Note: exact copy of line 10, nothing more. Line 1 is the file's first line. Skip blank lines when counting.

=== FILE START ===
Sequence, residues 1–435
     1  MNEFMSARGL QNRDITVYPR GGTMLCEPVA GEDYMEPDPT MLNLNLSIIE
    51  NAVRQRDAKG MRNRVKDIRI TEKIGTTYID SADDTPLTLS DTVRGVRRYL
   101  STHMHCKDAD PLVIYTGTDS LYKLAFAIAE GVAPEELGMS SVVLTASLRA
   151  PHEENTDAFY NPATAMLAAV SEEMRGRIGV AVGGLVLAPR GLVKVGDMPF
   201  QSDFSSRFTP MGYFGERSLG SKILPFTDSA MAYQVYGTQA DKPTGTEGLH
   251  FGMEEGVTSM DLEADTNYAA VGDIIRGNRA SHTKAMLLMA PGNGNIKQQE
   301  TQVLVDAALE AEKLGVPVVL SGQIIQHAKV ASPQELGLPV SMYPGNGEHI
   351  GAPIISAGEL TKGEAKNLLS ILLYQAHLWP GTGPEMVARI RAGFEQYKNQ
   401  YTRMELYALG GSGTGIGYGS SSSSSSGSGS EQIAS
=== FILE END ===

   401  YTRMELYALG GSGTGIGYGS SSSSSSGSGS EQIAS